Mercury Filling Alternatives

Once your mercury amalgam fillings are gone, what are some good mercury filling alternatives that you might replace them with?

Many people have chosen composite fillings, but these have many problems. They are generally very soft and weak, and do not bond with the tooth. They have an average life span of ten years, then need to be replaced. Also, the petroleum-based resins that most of them are made from are very toxic, and may leech their way into your body's circulatory system, causing a myriad of health problems. Many of these composites shrink and discolor over time, and fail under the constant stress of biting and chewing.

There are better mercury filling alternatives, however. One is the Cavilase procedure, in which, after the amalgam has been totally removed, a laser is used to clean and sterilize the interior of the toot, removing all traces of decay. Then a biocompatible, glass-based polymer is injected into the missing area of the tooth, and bonded to it with another laser. This, in many cases, may make the tooth as strong or stronger than it was originally. The added benefit is that there are absolutely no toxic materials involved in this procedure.

What if there is a lot of tooth structure missing after the amalgam has been removed and the tooth cleaned and prepared for a new restoration? The answer to that may be the use of Inlays or Onlays in the Restoralase procedure. A 3-D model is made of the tooth, then a restoration, again made of biocompatible materials, is made that fits perfectly into the missing area. This material is very strong, and is bonded to the tooth with a laser, making it literally a part of the tooth--not like a standard filling which never bonds with any tooth material. Again, it is non-toxic and imitates natural tooth structure.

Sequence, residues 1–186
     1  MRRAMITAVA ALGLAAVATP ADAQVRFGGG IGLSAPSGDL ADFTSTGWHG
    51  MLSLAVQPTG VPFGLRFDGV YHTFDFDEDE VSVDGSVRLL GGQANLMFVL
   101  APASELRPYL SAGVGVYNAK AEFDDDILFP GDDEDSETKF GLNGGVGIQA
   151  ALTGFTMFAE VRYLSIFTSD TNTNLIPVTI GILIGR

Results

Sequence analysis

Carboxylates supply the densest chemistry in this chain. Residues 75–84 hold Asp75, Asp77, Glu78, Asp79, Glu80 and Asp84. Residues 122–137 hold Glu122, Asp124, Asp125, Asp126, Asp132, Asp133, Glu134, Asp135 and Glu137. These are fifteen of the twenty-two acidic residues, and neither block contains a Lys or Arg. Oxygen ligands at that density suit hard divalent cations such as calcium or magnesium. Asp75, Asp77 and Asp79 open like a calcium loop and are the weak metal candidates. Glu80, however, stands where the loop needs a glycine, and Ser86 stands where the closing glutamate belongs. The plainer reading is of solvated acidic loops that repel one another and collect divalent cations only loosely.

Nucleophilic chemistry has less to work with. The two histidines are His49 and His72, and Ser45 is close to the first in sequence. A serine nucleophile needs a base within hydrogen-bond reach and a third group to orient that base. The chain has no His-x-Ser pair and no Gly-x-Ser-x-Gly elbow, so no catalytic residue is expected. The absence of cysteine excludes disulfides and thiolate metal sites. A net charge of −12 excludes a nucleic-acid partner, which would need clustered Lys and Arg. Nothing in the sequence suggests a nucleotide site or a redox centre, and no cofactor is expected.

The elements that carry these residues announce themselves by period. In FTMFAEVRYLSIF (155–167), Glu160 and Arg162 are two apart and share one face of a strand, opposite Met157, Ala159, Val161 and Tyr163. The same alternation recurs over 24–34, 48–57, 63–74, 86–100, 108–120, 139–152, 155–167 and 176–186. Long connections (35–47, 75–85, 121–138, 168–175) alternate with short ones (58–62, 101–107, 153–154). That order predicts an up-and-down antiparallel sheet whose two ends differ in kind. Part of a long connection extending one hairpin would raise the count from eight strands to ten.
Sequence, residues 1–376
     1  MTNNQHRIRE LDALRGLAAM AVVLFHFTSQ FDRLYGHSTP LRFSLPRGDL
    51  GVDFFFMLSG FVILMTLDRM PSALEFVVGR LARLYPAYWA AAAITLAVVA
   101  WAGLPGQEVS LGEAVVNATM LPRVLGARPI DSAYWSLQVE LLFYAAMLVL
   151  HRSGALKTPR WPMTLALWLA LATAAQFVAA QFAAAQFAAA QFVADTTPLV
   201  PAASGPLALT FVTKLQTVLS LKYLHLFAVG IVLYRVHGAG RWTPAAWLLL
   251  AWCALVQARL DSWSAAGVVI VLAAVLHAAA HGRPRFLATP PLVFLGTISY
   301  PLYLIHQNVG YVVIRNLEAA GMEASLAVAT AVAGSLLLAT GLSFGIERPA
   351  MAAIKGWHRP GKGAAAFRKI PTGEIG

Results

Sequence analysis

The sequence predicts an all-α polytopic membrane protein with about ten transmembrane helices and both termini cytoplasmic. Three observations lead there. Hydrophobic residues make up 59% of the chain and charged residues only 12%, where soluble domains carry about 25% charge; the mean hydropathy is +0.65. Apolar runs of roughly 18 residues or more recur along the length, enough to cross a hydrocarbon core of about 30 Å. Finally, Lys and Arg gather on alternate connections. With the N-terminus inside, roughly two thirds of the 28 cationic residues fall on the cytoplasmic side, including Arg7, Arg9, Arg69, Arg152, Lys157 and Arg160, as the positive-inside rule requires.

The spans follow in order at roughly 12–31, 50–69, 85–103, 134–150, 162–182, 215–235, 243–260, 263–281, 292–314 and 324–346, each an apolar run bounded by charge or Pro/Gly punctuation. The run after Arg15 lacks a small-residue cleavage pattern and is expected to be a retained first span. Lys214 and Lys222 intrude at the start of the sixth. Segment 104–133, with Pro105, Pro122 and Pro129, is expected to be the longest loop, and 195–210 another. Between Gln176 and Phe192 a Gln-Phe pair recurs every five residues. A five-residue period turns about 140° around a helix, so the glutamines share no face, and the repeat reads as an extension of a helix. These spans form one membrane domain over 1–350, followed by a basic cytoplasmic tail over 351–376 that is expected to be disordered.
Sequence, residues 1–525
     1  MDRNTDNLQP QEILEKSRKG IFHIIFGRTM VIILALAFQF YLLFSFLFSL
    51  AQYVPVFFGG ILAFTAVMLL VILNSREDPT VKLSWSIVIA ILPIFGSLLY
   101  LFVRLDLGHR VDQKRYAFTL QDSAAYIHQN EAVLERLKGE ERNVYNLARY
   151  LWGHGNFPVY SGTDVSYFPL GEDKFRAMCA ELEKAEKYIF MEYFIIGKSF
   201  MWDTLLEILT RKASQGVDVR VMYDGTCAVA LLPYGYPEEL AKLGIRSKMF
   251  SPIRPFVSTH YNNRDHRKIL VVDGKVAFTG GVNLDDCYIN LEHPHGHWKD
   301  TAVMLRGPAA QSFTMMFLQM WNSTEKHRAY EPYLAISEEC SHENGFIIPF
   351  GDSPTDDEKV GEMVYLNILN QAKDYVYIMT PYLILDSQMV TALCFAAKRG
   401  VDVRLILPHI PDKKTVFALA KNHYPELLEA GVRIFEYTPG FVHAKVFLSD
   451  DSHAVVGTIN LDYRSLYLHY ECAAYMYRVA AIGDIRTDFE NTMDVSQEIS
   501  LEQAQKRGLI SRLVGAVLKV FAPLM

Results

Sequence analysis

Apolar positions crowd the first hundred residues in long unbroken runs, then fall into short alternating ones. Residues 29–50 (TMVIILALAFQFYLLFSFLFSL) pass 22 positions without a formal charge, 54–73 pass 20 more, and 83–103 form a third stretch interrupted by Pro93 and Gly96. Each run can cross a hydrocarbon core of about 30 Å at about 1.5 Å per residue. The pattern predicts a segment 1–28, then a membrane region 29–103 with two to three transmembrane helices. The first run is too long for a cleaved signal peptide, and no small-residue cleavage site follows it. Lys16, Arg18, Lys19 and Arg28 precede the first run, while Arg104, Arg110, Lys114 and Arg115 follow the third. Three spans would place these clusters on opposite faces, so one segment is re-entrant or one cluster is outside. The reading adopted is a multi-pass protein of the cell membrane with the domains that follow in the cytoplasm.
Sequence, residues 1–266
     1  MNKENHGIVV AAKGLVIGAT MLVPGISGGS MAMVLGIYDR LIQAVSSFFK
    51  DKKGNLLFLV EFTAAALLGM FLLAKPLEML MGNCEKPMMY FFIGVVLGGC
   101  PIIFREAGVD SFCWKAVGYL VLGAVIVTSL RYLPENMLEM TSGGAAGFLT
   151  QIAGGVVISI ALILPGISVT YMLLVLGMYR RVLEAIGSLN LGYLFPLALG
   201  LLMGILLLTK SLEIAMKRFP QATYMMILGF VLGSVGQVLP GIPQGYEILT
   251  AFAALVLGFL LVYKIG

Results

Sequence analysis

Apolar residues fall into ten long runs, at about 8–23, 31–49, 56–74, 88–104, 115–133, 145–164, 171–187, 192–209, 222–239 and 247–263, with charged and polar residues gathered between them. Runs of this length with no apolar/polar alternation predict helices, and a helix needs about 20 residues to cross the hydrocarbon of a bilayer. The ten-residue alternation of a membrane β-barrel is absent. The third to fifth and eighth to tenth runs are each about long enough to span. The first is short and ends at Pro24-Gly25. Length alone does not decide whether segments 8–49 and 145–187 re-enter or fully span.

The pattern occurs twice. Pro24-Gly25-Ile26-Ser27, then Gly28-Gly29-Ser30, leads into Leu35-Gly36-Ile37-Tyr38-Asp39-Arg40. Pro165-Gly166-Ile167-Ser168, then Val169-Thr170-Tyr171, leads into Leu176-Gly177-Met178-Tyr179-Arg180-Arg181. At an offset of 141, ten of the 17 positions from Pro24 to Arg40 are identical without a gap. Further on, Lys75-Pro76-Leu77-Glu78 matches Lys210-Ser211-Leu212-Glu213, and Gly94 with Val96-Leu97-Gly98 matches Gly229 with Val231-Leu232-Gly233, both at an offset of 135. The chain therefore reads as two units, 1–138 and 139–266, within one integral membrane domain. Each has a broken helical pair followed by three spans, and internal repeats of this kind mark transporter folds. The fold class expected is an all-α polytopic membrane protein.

Finally, if the tooth just has too much structure missing after larger amalgams have been removed, there is the option of using porcelain, biocompatibe crowns which are fused to the remaining tooth structure with a laser. This avoids using conventional crown cement, which has been shown in many cases to crack, leak, and allow bacteria and other toxic elements under the crown and eventually lead to more decay and problems with the crowned tooth. Using biocompatible, non-metal crowns and fusing them to tooth structure with a laser is a much more reliable, non-toxic, and stronger way to restore teeth which may need crowns.

For more information about these procedures and their benefits, CLICK HERE and you will be directed to a dental center which practices healthy dentistry without the use of mercury or other toxic substances.

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